With governments and private companies under constant malicious cyberattacks, Anne Neuberger said it's time to shift the collective mindset from incident response to prevention.
Neuberger, deputy national security advisor for cyber and emerging technology, delivered an RSA Conference 2021 keynote Tuesday, titled 'Cybersecurity as a National Imperative,' where she reiterated points found in the executive order President Biden signed last week and offered additional steps to be taken. A major portion of the keynote and executive order emphasized the need to modernize the United States cybersecurity defenses, as the government has navigated two major incidents in its first 100 days: the SolarWinds supply chain attack and the exploitation of zero-day vulnerabilities in Microsoft Exchange Server.
In light of those significant hacks that claimed high-profile victims, she spoke on prioritizing prevention rather than relying on incident response. To that end, Neuberger said there needs to be a mindset shift that includes the ability to facilitate early detection.
"I've observed that as a community we've accepted that we will move from one incident response to the next, and while we must acknowledge breaches will happen and prepare for them, we simply cannot let waiting for the next shoe to drop to be the status quo on which we operate," she said during the session. "The national security implications of doing so are too great."
Incident response following the SolarWinds attack highlighted hard truths, according to Neuberger. It revealed that some of the most basic cybersecurity prevention measures, including multifactor authentication, encryption, constant logging and endpoint detection, were not systemically rolled out across federal agencies. Another example of inconstancies inside the federal government was that it took multiple advisories from the National Security Agency and the Cybersecurity and Infrastructure Security Agency to get the compromised software systems updated.
Neuberger said the government has taken immediate action to address these issues, but there is still much work to be done. That action starts with the software the federal government purchases, which she said often include "defects and vulnerabilities."
"These are defects and vulnerabilities that the developers are accepting as the norm with the expectation that they can patch later," she said. "Or perhaps developers decide to ship software with defects and vulnerabilities they decide to ignore because they deem them not sufficiently serious enough to merit fixing. That's not acceptable. It's knowingly introducing potentially grave risks."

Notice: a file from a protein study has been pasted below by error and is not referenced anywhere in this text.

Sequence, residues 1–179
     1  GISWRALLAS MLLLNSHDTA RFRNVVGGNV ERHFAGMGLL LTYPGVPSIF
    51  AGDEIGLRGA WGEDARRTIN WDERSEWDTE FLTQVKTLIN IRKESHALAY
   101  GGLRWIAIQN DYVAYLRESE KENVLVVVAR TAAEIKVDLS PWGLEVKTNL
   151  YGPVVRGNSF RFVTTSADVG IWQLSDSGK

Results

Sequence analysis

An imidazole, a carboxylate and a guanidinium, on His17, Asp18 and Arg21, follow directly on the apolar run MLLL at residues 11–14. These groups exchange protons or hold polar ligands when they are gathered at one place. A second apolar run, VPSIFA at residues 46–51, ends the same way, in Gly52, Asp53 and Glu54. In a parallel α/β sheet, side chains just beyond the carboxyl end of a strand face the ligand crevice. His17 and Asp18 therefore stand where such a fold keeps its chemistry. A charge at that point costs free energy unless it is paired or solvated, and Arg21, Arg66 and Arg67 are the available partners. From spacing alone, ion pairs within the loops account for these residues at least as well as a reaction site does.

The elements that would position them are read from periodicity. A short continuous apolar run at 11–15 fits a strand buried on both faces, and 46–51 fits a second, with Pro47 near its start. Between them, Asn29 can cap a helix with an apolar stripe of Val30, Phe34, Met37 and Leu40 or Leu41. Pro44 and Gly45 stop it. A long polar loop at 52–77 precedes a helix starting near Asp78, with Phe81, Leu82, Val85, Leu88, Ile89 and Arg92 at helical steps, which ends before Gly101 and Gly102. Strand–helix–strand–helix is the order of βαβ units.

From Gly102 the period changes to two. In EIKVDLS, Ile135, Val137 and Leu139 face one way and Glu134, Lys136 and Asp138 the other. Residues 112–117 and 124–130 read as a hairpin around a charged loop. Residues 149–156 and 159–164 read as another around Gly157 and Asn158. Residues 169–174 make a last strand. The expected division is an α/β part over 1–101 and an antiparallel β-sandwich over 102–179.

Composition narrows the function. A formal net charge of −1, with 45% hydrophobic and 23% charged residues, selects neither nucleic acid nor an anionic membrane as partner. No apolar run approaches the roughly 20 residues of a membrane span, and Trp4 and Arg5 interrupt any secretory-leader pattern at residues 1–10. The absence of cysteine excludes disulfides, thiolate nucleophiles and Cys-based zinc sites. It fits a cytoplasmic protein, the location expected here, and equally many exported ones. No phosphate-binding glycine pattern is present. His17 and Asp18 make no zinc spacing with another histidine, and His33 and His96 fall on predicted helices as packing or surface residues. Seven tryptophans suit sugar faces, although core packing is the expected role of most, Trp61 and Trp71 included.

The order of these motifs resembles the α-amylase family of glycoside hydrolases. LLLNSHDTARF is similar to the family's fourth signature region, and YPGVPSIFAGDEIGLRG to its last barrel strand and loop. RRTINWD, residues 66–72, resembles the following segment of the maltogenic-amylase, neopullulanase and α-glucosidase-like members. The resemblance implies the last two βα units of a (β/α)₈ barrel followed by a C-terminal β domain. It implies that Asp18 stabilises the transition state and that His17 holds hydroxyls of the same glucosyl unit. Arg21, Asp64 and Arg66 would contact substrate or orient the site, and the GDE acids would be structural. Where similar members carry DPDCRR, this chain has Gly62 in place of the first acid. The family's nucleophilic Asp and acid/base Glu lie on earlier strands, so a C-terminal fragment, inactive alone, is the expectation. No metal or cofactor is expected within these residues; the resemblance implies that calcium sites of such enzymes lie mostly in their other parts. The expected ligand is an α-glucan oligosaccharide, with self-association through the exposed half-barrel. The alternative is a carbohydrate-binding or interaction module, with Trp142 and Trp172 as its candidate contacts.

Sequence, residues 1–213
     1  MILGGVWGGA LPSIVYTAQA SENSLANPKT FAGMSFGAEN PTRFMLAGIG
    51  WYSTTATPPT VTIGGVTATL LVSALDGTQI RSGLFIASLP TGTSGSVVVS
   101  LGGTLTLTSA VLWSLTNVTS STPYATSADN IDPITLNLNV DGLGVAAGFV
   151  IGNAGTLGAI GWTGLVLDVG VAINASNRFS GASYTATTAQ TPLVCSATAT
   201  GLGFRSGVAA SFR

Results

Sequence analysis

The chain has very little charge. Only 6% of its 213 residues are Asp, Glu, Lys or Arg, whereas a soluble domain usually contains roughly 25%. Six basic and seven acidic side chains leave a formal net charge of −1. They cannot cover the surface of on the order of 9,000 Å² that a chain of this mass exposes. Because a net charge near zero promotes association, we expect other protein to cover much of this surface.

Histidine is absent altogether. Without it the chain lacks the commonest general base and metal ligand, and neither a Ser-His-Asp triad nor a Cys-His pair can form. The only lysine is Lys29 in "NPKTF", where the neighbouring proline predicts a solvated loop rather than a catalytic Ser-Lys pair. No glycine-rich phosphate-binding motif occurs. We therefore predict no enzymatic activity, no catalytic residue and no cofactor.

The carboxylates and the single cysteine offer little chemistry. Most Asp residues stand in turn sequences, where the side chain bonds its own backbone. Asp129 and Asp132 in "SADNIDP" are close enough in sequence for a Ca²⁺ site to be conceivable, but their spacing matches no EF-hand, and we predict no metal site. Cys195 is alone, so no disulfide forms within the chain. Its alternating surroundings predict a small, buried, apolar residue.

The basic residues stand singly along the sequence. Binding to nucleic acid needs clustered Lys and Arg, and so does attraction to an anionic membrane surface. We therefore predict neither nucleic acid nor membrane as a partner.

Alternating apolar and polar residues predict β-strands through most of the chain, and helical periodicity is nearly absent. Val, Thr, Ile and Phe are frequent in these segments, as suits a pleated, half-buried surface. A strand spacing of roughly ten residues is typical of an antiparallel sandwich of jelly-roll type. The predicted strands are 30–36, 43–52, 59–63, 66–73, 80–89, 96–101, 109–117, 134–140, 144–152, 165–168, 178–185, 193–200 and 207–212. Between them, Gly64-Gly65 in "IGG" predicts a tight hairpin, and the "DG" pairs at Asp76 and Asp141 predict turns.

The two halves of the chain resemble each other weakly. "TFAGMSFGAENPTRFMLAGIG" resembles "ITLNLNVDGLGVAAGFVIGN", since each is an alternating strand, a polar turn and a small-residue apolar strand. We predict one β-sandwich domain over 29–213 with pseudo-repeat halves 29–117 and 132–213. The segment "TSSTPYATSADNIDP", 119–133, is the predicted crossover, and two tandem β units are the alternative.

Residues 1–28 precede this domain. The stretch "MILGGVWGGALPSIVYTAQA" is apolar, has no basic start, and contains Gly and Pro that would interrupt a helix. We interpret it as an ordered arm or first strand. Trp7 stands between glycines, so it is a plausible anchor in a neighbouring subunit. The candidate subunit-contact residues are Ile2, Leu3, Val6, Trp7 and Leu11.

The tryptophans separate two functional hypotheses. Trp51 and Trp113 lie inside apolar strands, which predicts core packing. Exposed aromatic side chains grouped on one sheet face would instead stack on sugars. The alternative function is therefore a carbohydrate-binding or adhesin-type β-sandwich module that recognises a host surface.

Neuberger said software supply chain security is a particular concern for the U.S., and there needs to be more visibility into the software the government buys because they place their trust in vendors -- and "we do it blindly" because there is no way to measure that trust.
Having a secure build environment that includes strong authentication, limited privilege and encryption is crucial, Neuberger said. Additionally, software developers should carefully review their code and check for known and potential vulnerabilities before the product ships.
"This is hard and it also may seem basic to you -- maybe even obvious. But we all know these basic practices are not universal," she said.
Tackling ransomware threats
In addition to improving security around the software supply chain, Neuberger said addressing the growing ransomware threat is a top priority. One of the government's first global initiatives will be a collaborative effort to target ransomware gangs. Extortion through ransomware poses a national security threat for countries around the world, Neuberger said, and it's a huge financial cost for the private sector.
During a White House press briefing last week, Neuberger addressed the ransomware attack on Colonial Pipeline, which disrupted fuel delivery to the East Coast and led to the company reportedly paying a $5 million ransom. During the briefing, she said while the FBI has provided advice in the past that paying a ransom would encourage further ransomware activity, they recognize that companies are often in a difficult position if their data is encrypted and they do not have backups to recover.
Along with increasingly large ransom demands, Neuberger said Tuesday that the threat actors themselves are evolving. "We're also concerned about the growing sophistication of these groups, both in their exploits such as the use of file-less ransomware and in their operational models, including the evolution to big game hunting. The growth of ransomware cartels and increasing prevalence of double extortion schemes is also a concern," she said during the session.
Charles Carmakal, senior vice president and CTO at FireEye's Mandiant, said ransomware gangs are the biggest threat facing public and private sectors today.
"Multifaceted extortion and ransomware are the most prevalent threats to organizations," Carmakal said. "Data theft and reselling of unauthorized access to victim organizations remain high as multifaceted extortion and ransomware actors have trended away from purely opportunistic campaigns in favor of targeting organizations that are more likely to pay large extortion demands. Given this surge, organizations must take proactive action to mitigate the potential impact."
International cooperation is critically important, Neuberger said, because transnational criminals are most often the perpetuators of ransomware crimes. While proactive prevention and better cybersecurity are often the best defense against the threats, she said the U.S. government also wants to hold threat actors accountable for these attacks.